Development Magazine Spring 2012

Advocacy

Beyond the Beltway: Grassroots Programs Impact Public Policy

NAIOP members play a critical role in advocating and advancing the priorities of the commercial real estate industry before lawmakers and government officials at every level of government. Only through education and understanding can your elected representative support NAIOP’s priorities for commercial real estate during public policy debates.

It is important, particularly at critical points in the legislative process, that relationships or lines of communication are in place to effectively deliver the industry’s position within the halls of Congress or a state capitol. Whether the discussion is tax policy, energy efficiency or infrastructure spending, the implementation of an effective grassroots program within each chapter will play a critical role in ensuring that NAIOP’s voice is heard.

Because of this, each chapter needs to enhance its grassroots capabilities so that NAIOP members can inform and educate lawmakers on the local impact of a bill or policy before casting a vote. Federal and state lawmakers need and want to hear from you in providing a local perspective on a national or state issue. When lawmakers hear directly from their constituents -- those whom they serve and represent -- it has a powerful impact in the debate and eventual vote. In some instances, it can even provide the political cover for lawmakers to vote irrespective of their personal or political affiliation.

Grassroots Programs Inform and Educate Lawmakers on the Issues

The subject matter or policy will dictate the grassroots approach that effectively communicates the commercial real estate’s position to a lawmaker. Approaches may vary from a national letter-writing campaign to small meetings between NAIOP members and a key lawmaker. Recognizing this, a grassroots program must be structured in a manner to incorporate these approaches and meet the objective of influencing an outcome.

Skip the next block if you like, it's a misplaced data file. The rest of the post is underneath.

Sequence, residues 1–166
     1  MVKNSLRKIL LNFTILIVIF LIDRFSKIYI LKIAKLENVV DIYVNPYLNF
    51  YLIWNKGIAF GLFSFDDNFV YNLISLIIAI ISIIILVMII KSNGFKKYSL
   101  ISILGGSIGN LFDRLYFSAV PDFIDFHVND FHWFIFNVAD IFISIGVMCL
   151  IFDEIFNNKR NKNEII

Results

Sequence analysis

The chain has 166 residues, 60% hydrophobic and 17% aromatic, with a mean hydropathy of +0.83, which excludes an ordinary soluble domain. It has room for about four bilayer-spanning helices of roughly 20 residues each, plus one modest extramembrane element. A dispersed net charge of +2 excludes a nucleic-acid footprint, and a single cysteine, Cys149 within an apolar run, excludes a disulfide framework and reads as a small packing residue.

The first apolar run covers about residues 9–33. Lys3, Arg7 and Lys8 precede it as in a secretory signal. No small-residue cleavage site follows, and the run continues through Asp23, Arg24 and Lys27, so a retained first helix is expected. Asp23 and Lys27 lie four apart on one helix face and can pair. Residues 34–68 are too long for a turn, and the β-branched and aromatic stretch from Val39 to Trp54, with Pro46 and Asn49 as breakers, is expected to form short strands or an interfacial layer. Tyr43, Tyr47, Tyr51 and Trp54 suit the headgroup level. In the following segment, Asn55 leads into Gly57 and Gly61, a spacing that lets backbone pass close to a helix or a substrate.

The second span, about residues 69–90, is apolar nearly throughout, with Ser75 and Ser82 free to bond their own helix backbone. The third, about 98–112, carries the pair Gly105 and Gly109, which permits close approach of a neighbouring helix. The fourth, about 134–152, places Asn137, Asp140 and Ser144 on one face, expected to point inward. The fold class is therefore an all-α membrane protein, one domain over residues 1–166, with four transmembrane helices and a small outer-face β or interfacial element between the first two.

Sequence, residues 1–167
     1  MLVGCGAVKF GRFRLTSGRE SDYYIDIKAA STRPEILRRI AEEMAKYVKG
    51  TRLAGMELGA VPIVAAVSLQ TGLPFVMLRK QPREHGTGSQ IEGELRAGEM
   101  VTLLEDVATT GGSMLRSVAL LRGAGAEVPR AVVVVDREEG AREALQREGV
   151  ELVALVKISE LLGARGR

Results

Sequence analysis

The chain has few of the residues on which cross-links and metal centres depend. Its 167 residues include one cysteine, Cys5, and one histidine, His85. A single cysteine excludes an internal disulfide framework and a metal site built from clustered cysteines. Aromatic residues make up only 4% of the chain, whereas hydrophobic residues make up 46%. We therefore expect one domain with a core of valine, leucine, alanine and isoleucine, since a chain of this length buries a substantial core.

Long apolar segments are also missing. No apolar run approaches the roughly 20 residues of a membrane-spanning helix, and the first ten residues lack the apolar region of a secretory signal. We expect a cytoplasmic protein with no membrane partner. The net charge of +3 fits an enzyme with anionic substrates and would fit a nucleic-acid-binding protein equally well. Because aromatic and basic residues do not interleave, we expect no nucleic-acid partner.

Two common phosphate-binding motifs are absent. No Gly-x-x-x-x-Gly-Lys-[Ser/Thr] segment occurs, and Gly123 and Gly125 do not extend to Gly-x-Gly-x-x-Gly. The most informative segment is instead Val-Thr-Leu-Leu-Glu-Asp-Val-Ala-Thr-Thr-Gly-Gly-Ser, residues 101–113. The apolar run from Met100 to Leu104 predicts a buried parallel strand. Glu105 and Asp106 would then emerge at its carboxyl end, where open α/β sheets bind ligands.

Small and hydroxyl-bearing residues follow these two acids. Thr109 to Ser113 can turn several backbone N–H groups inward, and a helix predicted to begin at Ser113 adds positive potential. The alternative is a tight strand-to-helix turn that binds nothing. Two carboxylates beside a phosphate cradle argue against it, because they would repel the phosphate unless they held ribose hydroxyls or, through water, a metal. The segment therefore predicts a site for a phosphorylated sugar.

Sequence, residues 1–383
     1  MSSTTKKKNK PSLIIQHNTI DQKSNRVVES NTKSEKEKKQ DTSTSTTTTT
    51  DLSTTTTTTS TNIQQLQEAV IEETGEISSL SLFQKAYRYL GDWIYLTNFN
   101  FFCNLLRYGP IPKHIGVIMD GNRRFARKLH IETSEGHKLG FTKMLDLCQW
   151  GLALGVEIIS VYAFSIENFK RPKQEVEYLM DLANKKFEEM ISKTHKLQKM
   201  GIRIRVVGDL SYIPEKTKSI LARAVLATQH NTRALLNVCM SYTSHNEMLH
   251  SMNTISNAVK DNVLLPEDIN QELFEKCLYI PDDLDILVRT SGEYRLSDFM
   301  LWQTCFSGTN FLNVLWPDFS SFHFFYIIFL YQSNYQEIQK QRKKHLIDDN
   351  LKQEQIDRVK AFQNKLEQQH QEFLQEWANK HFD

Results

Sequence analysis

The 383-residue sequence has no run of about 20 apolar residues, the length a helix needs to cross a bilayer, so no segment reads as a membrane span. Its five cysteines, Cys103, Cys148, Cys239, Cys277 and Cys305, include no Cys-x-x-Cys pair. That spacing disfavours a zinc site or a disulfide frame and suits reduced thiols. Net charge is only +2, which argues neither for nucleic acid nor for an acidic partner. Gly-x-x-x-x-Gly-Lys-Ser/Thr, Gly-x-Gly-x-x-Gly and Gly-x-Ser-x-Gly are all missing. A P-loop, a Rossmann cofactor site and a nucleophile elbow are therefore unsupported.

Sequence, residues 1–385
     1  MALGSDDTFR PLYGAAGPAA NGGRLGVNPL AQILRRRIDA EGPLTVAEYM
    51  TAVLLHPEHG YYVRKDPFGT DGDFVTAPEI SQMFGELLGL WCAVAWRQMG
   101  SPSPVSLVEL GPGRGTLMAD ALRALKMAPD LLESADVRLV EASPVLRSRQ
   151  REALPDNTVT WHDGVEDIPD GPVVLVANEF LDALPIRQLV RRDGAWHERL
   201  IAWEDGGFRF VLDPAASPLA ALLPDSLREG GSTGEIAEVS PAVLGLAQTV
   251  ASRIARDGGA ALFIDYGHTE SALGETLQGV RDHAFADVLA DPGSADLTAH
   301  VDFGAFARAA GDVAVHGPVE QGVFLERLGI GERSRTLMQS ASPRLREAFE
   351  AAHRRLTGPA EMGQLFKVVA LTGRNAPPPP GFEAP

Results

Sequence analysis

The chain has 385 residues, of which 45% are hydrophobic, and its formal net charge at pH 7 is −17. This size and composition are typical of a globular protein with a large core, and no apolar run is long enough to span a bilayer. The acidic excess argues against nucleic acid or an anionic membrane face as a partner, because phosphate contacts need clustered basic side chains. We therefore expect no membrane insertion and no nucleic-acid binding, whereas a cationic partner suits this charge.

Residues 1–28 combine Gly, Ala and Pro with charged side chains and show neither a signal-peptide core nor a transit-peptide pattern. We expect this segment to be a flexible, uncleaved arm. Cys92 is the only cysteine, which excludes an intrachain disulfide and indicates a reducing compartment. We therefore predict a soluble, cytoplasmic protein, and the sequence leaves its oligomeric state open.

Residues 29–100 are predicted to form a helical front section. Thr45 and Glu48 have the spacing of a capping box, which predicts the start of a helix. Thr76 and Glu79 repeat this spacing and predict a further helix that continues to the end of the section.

It should be noted that an effective grassroots program is not just delivering a message from a member to a lawmaker. It also includes building coalitions, utilizing social media outlets (Facebook/Twitter) and, even at times, engaging other elected officials to weigh in with a lawmaker. For example, a successful grassroots strategy may entail NAIOP members contacting a governor or mayor to generate a statement or a letter from that person to a member of Congress before taking an important vote on a bill that will impact their state or city.

Grassroots Coordinator” Plays Key Role

The first step in this endeavor is for each chapter to incorporate a grassroots plan as part of their government affairs program and appoint a NAIOP member to serve as a “grassroots coordinator.” The “grassroots coordinator” will take charge in surveying members within their chapter for key relationships with elected officials from city hall to Washington, D.C. The coordinator will initiate grassroots efforts as needed to communicate the interests of the commercial real estate industry at critical points in the public policy process.

NAIOP’s Government Affairs staff is prepared to assist each chapter in establishing and administering a successful grassroots program, including maintaining a database of key relationships between members and lawmakers and sending out legislative action alerts. We will work with each chapter to develop and execute a grassroots strategy at each level of government to ensure the voice of commercial real estate is heard.

When incumbents running for re-election this year are focused on connecting with voters in their communities, it affords a perfect opportunity for NAIOP chapters to increase the reach of their grassroots network by developing relationships with elected officials. All chapters need to advance their grassroots capabilities to communicate more effectively on the issues to help advance the interests of NAIOP members. It is important to remember that NAIOP members provide the backbone and infrastructure for businesses to thrive and grow. When lawmakers or even candidates discuss economic growth and job creation, they need to recognize that a strong economy starts with a commercial building, industrial park, retail center or research property.

From the Archives: Advocacy Articles from the Previous Issue

U.S. Capitol building

Tax Policy Fights Will Continue Beyond 2012 Elections 

As 2011 comes to a close, Congress will most likely be deciding what to do with deficit reduction proposals, if any, arising from the so-called “Supercommittee” that was created in the wake of the debt-ceiling debate that consumed Washington in July.